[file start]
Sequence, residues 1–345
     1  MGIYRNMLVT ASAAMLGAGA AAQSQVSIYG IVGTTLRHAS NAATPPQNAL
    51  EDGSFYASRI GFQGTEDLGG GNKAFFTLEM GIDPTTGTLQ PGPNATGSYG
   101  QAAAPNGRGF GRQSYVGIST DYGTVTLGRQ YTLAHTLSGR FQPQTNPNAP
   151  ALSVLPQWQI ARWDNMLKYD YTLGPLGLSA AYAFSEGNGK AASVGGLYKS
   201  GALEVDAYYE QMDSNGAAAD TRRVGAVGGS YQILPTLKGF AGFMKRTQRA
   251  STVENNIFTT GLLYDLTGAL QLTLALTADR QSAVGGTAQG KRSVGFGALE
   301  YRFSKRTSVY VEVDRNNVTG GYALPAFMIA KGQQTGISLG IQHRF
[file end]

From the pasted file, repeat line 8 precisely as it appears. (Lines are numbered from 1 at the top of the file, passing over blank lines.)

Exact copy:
   301  YRFSKRTSVY VEVDRNNVTG GYALPAFMIA KGQQTGISLG IQHRF